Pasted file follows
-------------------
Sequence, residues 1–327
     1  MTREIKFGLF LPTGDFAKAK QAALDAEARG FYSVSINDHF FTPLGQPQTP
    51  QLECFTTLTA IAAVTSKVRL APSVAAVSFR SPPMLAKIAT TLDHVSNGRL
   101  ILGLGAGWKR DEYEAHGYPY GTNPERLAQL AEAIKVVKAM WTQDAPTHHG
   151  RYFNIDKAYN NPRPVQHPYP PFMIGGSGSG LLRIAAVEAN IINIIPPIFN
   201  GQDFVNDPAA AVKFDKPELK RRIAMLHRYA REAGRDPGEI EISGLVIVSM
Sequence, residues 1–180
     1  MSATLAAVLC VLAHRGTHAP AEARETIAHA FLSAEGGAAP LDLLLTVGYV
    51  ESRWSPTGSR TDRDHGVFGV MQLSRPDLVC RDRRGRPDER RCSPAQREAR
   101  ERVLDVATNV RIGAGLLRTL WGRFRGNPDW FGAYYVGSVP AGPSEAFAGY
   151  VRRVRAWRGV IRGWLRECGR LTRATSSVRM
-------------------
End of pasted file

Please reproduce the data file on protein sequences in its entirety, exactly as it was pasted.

Sequence, residues 1–327
     1  MTREIKFGLF LPTGDFAKAK QAALDAEARG FYSVSINDHF FTPLGQPQTP
    51  QLECFTTLTA IAAVTSKVRL APSVAAVSFR SPPMLAKIAT TLDHVSNGRL
   101  ILGLGAGWKR DEYEAHGYPY GTNPERLAQL AEAIKVVKAM WTQDAPTHHG
   151  RYFNIDKAYN NPRPVQHPYP PFMIGGSGSG LLRIAAVEAN IINIIPPIFN
   201  GQDFVNDPAA AVKFDKPELK RRIAMLHRYA REAGRDPGEI EISGLVIVSM
Sequence, residues 1–180
     1  MSATLAAVLC VLAHRGTHAP AEARETIAHA FLSAEGGAAP LDLLLTVGYV
    51  ESRWSPTGSR TDRDHGVFGV MQLSRPDLVC RDRRGRPDER RCSPAQREAR
   101  ERVLDVATNV RIGAGLLRTL WGRFRGNPDW FGAYYVGSVP AGPSEAFAGY
   151  VRRVRAWRGV IRGWLRECGR LTRATSSVRM